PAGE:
Scotland’s traditional buildings make an enormous contribution to our economy and our national identity. Around 20 per cent of Scotland’s buildings are traditionally constructed; although those buildings include iconic sites, the majority are the buildings that we live and work in and love. The 450,000 traditionally constructed buildings in Scotland form a rich backdrop to our lives, but they are so much a part of our environment that they sometimes go unnoticed by many and the evidence shows that too many such buildings are being taken for granted by too many people. We have long suspected—and have now identified—a clear market failure in relation to the repair and maintenance of traditional buildings. However, although that situation presents a bleak picture for the future of our traditional buildings and all they contribute to Scotland’s character, it also presents a good opportunity.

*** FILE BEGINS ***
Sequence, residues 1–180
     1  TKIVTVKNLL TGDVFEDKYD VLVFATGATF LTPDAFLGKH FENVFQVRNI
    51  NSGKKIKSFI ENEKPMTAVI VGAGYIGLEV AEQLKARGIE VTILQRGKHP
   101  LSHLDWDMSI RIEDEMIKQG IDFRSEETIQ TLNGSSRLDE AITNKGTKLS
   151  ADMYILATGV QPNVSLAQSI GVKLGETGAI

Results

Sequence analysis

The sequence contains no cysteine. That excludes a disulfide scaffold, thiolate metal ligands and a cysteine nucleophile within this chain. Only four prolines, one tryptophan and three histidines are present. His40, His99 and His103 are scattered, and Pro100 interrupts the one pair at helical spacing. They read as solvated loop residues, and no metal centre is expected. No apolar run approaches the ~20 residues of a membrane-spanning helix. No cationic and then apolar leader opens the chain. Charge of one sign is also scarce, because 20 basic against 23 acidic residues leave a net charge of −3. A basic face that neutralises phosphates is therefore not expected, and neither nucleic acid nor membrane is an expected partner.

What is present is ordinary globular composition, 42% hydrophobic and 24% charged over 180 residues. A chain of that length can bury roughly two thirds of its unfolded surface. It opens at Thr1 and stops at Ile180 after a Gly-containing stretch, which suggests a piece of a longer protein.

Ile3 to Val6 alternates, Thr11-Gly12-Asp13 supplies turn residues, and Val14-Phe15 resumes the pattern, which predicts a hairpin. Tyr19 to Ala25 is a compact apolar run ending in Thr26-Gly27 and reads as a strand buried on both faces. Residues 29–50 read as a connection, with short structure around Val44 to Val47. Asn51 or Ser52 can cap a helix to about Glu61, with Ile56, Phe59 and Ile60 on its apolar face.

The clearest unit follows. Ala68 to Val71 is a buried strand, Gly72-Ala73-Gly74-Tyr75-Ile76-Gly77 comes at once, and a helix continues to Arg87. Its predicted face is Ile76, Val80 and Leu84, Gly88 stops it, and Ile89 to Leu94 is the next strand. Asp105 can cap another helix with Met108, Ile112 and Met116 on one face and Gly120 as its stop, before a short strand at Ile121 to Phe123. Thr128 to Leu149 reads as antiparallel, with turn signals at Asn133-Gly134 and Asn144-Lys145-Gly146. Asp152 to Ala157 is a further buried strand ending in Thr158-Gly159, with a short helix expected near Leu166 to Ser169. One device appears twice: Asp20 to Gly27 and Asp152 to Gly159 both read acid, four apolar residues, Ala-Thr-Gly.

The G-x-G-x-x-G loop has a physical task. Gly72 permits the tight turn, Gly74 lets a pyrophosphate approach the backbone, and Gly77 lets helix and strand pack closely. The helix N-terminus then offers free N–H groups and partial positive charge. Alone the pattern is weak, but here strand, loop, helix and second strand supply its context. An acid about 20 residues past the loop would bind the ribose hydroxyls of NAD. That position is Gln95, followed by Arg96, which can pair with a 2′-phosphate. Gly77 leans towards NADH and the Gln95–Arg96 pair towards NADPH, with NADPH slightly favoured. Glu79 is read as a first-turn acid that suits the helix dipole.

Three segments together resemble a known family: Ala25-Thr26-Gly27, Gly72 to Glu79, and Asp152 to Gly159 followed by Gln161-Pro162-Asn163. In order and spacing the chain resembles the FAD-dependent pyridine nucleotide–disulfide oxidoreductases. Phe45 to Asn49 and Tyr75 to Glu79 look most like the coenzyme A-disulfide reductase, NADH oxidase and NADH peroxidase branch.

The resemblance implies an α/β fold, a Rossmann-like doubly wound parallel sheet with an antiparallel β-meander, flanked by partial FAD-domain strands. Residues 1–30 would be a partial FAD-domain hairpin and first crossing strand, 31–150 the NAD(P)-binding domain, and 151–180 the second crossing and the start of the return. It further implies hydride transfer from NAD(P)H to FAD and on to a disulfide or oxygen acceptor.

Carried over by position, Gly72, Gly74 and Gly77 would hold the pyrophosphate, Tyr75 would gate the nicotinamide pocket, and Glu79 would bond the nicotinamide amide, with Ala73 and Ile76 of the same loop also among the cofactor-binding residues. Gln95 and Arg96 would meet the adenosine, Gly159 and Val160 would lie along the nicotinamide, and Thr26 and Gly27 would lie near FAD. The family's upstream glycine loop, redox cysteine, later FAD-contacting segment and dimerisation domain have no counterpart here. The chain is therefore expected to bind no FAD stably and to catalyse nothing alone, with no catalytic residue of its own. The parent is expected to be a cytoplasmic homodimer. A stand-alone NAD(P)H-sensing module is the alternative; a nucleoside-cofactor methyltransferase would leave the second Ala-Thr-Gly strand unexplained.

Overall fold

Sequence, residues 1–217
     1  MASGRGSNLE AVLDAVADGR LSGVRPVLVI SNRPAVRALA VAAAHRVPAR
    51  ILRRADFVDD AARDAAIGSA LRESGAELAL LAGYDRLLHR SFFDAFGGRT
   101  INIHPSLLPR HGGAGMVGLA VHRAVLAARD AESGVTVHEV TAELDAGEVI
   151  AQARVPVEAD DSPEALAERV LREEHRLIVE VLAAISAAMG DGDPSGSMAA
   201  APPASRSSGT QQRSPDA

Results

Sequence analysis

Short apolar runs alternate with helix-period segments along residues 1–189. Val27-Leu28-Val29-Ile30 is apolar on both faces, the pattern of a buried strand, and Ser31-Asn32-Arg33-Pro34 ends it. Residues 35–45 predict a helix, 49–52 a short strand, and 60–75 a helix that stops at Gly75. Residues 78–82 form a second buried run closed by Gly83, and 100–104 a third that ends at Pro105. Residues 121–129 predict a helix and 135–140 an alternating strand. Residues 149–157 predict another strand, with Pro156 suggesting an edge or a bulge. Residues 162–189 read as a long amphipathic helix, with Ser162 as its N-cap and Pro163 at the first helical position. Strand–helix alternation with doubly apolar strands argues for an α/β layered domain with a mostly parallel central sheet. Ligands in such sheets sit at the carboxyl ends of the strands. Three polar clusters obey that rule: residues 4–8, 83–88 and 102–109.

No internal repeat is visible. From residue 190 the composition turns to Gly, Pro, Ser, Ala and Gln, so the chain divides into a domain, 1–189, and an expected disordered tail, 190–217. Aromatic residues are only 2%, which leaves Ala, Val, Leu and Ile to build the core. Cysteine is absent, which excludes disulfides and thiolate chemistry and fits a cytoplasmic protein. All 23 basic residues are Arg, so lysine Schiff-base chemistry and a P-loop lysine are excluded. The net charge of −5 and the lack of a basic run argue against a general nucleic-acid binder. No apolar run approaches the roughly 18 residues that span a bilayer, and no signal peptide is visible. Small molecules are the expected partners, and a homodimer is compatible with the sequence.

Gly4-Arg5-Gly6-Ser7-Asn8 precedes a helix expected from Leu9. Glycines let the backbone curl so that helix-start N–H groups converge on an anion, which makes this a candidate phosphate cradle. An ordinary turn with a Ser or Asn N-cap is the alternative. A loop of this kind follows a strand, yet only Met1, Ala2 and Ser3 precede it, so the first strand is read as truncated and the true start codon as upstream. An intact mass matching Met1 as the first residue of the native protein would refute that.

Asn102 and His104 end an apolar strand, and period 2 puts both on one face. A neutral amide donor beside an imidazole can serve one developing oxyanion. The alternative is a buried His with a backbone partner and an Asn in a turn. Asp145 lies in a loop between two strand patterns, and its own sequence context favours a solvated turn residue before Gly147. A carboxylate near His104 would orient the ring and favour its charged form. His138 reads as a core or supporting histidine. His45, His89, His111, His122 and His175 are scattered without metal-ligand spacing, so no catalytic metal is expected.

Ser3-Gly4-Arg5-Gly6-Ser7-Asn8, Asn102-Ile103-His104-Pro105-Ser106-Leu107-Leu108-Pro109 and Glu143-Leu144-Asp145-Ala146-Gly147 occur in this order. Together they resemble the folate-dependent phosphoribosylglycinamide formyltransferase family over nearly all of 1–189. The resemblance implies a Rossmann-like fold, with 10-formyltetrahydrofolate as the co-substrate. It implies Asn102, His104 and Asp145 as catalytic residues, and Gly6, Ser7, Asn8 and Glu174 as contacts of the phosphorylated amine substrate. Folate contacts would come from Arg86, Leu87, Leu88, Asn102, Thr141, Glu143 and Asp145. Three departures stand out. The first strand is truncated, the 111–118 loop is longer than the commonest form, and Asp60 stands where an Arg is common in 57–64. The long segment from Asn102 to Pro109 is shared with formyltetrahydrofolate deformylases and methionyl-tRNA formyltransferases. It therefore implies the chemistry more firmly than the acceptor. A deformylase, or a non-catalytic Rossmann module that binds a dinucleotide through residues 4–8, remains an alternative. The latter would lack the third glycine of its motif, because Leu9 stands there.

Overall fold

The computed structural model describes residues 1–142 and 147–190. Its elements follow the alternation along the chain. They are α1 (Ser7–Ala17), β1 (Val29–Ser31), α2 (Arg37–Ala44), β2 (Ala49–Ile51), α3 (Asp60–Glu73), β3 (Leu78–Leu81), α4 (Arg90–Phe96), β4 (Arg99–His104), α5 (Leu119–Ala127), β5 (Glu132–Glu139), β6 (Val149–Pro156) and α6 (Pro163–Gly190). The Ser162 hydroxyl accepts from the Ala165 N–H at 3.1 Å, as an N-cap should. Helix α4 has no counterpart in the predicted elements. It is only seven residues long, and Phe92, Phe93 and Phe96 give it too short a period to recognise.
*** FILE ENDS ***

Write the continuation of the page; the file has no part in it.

The richness of Scotland’s historic environment draws millions of tourists to our shores. The repair and maintenance of the traditional buildings that form the fabric of our streets, squares, towers, castles, tenements and houses are often seen as a specialist and expensive activity, but the fact is that the heritage construction sector supports up to 20,000 full-time equivalent employees and generates up to £1 billion gross value added for the Scottish economy. As a result, the proper maintenance and repair of our traditional buildings provide an ideal shovel-ready project as well as being of benefit in themselves, and the opportunities for stimulating demand in construction maintenance can have pay-offs in youth training opportunities and skills development and can engage a new generation in the training of essential building traditions.